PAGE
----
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September 30th LSAT

post #1 of 14
Thread Starter 
Did anyone else take the LSAT at the end of last month? I did, along with a colleague who's also sick of teaching history to undergrads who want an A without any understanding.

I took the Kaplan class - one reason I hadn't been here - and I think it prepared me pretty well for the games and logical reasoning. Reading comp was another issue, as that section was harder than any of the released tests.
post #2 of 14
I know a few people who took this (I'm a college senior now, so its that time). One guy was convinved that he nailed it, another not so sure. I find it strange that a college professor is taking it. Does he want to be a lawyer?
post #3 of 14
I took the LSAT as a very late PhD student. I was thinking of going to law school after finishing my dissertation. Never went, but it was interesting. At the time I thought it might be a boost for me getting an academic teaching job--be able to teach econ and law.

I didn't actually find the test all that challenging. I never go around to studying too much and actually fell asleep after finishing most of one section. Luckily it was only for a few seconds. I did okay (into the 90s percentiles).

I had two friends take a Kaplan course years ago and one did very well and the other saw no improvement at all.

b
post #4 of 14
Would you say the Kaplan class is worth the money on top of, say, buying the books? I've never been one to take classes on taking tests (ACT, SAT, etc.), but the LSAT is pretty damned important in terms of getting in to top law schools. $1200 is a little steep for me, though.
post #5 of 14
Thread Starter 
I'll have a better answer for that in a few weeks. And maverick, it's actually not that uncommon for professors to move into law. Maybe you're in a discipline that's not so hot in terms of hirings. Maybe, like me, you're in a discipline that's nuclear-hot and is only going to burn you and keep you from getting tenure at a top-flight university. But do I want to be a lawyer? Yeah, I think I can do more as an advocate for an NGO or something like that than I can as a history professor.
post #6 of 14
Quote:
Originally Posted by SGladwell
I'll have a better answer for that in a few weeks.

And maverick, it's actually not that uncommon for professors to move into law. Maybe you're in a discipline that's not so hot in terms of hirings. Maybe, like me, you're in a discipline that's nuclear-hot and is only going to burn you and keep you from getting tenure at a top-flight university. But do I want to be a lawyer? Yeah, I think I can do more as an advocate for an NGO or something like that than I can as a history professor.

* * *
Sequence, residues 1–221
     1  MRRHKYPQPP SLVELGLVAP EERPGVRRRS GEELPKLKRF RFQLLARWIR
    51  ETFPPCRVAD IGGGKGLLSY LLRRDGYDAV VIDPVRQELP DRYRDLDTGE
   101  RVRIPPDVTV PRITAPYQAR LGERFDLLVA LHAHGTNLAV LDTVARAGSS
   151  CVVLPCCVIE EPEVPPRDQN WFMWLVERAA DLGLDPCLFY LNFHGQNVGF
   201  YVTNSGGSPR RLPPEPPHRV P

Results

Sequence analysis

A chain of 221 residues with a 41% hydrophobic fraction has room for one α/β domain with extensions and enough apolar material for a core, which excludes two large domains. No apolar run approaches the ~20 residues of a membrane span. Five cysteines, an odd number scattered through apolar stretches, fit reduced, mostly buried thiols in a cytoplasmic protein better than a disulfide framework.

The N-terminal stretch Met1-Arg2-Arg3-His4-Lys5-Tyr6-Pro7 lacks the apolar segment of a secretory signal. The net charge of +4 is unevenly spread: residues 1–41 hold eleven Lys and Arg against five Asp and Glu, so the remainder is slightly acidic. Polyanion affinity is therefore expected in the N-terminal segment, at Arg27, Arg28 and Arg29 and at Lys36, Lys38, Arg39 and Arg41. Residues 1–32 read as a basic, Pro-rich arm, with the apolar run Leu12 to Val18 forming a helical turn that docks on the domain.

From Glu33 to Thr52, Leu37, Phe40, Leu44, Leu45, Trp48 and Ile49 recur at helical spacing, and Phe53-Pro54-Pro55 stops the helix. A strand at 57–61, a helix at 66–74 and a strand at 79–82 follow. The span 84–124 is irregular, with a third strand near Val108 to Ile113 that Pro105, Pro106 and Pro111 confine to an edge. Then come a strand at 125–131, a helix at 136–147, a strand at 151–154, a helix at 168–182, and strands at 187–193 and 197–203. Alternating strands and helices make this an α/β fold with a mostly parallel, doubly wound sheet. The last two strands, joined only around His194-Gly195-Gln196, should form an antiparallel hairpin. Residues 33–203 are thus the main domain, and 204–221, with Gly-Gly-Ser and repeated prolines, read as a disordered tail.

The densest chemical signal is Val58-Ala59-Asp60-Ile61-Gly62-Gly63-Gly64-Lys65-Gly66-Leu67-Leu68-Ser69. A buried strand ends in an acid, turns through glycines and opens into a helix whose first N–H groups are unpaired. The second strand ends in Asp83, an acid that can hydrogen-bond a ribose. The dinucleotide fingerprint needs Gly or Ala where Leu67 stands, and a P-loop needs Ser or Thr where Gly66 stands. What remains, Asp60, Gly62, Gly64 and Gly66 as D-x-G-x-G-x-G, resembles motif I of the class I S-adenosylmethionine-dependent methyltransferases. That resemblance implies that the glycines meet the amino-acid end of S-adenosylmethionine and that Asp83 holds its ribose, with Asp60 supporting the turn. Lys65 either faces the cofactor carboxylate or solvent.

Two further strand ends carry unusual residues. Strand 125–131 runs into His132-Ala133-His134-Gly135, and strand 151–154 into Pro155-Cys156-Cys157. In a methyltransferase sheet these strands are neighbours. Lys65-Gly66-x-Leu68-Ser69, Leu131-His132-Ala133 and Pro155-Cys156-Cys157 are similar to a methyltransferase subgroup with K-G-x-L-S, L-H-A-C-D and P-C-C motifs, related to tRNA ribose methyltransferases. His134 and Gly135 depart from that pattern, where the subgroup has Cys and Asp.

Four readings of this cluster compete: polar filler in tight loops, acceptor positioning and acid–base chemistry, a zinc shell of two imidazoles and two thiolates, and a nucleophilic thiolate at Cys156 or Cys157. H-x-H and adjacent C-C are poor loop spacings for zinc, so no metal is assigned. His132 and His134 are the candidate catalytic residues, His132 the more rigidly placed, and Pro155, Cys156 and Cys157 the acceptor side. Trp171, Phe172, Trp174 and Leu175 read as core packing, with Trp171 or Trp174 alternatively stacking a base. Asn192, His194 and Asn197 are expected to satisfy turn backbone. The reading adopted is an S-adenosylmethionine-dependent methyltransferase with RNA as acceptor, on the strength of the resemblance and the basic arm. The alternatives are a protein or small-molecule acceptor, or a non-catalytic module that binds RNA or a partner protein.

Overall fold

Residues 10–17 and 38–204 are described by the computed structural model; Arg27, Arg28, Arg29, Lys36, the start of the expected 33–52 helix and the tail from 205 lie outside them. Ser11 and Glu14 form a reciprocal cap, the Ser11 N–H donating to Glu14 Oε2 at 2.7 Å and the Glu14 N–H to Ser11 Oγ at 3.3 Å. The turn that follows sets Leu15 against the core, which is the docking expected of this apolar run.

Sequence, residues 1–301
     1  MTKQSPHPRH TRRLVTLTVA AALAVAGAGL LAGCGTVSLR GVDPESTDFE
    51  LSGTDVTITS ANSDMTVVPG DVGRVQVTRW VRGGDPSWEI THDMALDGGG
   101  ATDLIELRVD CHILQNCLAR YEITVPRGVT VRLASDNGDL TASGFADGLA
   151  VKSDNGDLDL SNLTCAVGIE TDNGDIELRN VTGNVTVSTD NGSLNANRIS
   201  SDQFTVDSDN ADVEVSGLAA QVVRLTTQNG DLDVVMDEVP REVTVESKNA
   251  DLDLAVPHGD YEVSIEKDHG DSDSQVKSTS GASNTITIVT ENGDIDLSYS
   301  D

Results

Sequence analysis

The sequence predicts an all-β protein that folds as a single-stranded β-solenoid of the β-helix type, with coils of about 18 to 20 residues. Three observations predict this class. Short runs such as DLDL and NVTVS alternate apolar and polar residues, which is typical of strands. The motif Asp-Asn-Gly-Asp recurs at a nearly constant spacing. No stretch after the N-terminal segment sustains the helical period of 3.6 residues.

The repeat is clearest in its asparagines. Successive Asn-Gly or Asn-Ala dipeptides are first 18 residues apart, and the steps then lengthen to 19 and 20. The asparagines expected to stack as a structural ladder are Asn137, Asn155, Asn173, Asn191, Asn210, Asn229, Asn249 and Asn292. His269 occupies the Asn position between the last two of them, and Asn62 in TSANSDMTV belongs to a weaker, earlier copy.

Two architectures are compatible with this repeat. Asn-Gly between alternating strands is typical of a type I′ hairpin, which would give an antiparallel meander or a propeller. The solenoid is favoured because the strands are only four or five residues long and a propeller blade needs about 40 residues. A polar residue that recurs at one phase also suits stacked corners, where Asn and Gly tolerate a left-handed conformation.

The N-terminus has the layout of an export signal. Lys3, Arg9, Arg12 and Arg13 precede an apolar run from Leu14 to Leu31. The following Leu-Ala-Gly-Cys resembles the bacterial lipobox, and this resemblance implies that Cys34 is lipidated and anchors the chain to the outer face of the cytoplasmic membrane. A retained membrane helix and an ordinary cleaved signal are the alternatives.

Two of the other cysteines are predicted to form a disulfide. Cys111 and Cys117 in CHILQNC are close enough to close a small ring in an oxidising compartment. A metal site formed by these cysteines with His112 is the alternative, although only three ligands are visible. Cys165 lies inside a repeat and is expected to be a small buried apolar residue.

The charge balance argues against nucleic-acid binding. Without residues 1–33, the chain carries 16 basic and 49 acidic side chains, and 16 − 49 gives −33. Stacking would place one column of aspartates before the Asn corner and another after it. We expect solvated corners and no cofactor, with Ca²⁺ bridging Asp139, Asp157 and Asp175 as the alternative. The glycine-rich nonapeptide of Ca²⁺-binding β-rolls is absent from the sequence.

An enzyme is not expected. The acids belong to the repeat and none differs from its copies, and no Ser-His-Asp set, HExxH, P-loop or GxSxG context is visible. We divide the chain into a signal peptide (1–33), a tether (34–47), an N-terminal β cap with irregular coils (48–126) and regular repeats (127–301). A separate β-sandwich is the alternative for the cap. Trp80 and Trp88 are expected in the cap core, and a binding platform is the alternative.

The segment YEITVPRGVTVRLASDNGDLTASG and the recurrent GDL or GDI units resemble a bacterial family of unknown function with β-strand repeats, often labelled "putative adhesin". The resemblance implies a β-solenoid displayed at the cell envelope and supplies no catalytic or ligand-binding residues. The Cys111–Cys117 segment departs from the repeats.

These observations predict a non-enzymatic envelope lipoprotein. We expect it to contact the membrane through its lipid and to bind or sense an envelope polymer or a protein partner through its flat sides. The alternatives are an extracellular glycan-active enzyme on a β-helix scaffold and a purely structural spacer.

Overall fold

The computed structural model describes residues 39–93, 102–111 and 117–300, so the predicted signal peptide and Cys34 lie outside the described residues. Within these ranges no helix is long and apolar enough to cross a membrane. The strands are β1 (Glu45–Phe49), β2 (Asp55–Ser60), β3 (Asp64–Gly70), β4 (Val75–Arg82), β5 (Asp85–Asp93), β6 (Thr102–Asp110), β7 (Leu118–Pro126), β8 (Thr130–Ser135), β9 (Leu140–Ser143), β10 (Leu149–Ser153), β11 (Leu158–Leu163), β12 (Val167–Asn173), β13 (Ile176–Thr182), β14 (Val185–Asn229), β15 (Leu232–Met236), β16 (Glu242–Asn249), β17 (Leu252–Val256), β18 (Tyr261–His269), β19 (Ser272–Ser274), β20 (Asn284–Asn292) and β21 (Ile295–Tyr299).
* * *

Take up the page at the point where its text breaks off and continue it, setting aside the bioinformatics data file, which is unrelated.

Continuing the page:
High LSAT scores and good grades are all you need to get into a top law school. You could be a convicted serial killer with no ability to speak because you voluntarily removed your tongue and a top law school will admit you if your college grades and LSATs are high enough.

The LSAT is a bitch to take as well. After I took it I swore I would never take another standardized test in my life, but totally forgot that four years later I would need to take the bar, which is far worse than the LSAT! Although at least the bar is just pass/fail so some of the pressure is off.

Make sure you at least take a couple practice exams before taking the LSAT so you are familiar with the test format.
post #7 of 14
Quote:
Originally Posted by mr_economy
Would you say the Kaplan class is worth the money on top of, say, buying the books? I've never been one to take classes on taking tests (ACT, SAT, etc.), but the LSAT is pretty damned important in terms of getting in to top law schools. $1200 is a little steep for me, though.

I took the Kaplan class. Back then it only cost $800.

I thought it was worth it. By the time the real test came up, I had taken so many practice tests that I knew within 1 point what my score would be.

Look at it this way: Your LSAT counts just as much as your grades during 3 years of university. Screw up your LSAT, and all those A's you worked hard for won't mean much if you're trying to get into a top school. You really should do anything you can to maximize your LSAT score. $1200 and a lot of studying would be worth it to me if I were in your position.